7. Mexico City is seeing an explosion in the number of new, regionally-founded tech startups.

Source:
Mexico City’s Wayra (startup accelerator) office. Source: Wayra.co.

The country’s largest city is also—unsurprisingly—where most of its tech startups live. This high concentration of innovators certainly makes it increasingly fit for tech startups.

6. The creation of the “Creative Digital City” in Guadalajara helps to round out a national ecosystem for digital innovation.

Source: Cityskylines.org.
Source: Cityskylines.org.

Initiatives like the “Creative Digital City” in Guadalajara are simultaneously restoring urban environments and promoting creativity/technological innovation. These programs, though not based in Mexico City, are helping to foster IT and tech activity on the local and national level.

5. Insights and experience gained from the region’s longstanding maquiladora industry can be transferred to hi-tech.

Source: Wikimedia Commons.
Source: Wikimedia Commons.

Maquiladoras, albeit controversial, have nonetheless transformed Mexico into a manufacturing powerhouse. The same methodologies and lessons applied to technology may give the region an advantage when it comes to to producing hardware and software at-scale.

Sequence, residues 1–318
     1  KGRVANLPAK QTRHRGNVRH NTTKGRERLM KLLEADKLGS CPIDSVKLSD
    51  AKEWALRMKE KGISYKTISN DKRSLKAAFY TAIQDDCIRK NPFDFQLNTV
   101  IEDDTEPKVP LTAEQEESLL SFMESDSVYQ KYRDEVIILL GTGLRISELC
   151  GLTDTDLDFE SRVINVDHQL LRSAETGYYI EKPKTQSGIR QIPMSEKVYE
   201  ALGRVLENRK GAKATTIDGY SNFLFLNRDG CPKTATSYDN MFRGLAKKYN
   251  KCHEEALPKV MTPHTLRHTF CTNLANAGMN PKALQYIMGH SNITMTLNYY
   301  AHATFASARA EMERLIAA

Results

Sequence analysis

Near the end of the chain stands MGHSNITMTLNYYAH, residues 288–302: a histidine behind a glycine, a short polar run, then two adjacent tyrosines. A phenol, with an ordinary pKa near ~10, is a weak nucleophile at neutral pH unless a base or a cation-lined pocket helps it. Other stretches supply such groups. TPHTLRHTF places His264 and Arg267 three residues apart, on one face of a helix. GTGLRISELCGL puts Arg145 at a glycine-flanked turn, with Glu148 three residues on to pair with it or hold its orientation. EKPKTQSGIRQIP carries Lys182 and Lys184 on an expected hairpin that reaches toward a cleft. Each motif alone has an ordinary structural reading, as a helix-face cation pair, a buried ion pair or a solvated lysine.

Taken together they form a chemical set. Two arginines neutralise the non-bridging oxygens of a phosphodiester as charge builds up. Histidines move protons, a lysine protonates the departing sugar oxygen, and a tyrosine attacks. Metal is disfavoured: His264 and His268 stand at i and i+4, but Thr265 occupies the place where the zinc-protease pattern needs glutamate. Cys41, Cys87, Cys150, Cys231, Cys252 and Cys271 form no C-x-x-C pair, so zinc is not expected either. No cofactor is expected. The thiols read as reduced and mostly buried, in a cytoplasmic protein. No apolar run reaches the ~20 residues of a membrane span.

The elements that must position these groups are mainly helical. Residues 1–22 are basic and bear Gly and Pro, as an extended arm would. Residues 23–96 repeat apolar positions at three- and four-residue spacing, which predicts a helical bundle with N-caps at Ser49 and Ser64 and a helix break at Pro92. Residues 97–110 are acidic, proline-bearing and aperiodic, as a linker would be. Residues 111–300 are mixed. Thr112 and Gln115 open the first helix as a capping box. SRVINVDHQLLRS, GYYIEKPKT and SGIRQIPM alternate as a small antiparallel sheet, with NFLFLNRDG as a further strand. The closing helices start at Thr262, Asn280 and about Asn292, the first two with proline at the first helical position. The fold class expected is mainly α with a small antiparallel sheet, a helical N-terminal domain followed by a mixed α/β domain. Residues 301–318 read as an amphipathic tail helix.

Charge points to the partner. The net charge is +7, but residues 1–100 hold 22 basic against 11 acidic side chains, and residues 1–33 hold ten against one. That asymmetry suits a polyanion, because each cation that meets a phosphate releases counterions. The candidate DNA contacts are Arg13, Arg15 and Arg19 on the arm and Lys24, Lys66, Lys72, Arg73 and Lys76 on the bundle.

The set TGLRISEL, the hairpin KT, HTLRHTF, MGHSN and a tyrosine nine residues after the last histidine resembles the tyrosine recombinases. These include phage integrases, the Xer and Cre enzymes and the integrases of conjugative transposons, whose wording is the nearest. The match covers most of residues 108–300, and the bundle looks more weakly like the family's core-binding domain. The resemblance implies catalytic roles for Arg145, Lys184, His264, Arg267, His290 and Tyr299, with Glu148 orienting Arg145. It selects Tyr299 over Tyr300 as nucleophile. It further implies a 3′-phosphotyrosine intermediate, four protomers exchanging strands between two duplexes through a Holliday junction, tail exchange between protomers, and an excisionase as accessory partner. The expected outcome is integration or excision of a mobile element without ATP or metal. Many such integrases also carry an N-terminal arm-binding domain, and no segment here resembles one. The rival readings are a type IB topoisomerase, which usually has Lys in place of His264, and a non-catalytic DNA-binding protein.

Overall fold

4. An abundance of technology events hosted in Mexico City help to bring in the global innovation, ideas, and capital.

Source: Hackathon IoT — Windows 10. Source: blogs.msdn.microsoft.com.
Source: Hackathon IoT — Windows 10. Source: blogs.msdn.microsoft.com.

Mexico City-hosted events like Hackathon and the Digital World Fair are bringing global investors, inventors, and established companies to the city in search of innovative ideas and promising talent.

3. A rise in government investments geared towards technological innovation is spurring tech startup activity.

Source: inadem.gob.mx.
Source: inadem.gob.mx.

The last few years have seen advances in government-sponsored tech startup initiatives, both in Mexico City and Latam at-large. In 2015, the Mexican government’s Instituto Nacional del Emprendedor (INADEM) helped over 400 companies kick-start their projects.

2. Mexico is ranked globally as an ideal country for doing business.

Source:
Source: Doingbusiness.org.

According to the Doing Business Ranking 2016, Mexico is #38 in the world for doing business. The ranking measures factors like facilities available for starting a company, construction resources, cost/availability of electricity, taxes and government credits/incentives, and protection level for minority investors, among others.

1. Mexico has a sizable, growing economy—especially when compared to some of its neighbors.

Mexico's 2012 exports. Source: Wikimedia Commons.
Mexico’s 2012 exports. Source: Wikimedia Commons.

Despite experiencing ups and downs, the Mexican economy has been steadily growing—the 15th largest in the world in nominal terms and the 11th largest by purchasing power parity, according to recent figures.

Though Mexico City may not displace Silicon Valley as the international tech capital any time soon, its fast becoming a formidable global resource for IT/tech talent and is carving out its own identity as a regional cradle for innovation and entrepreneurship.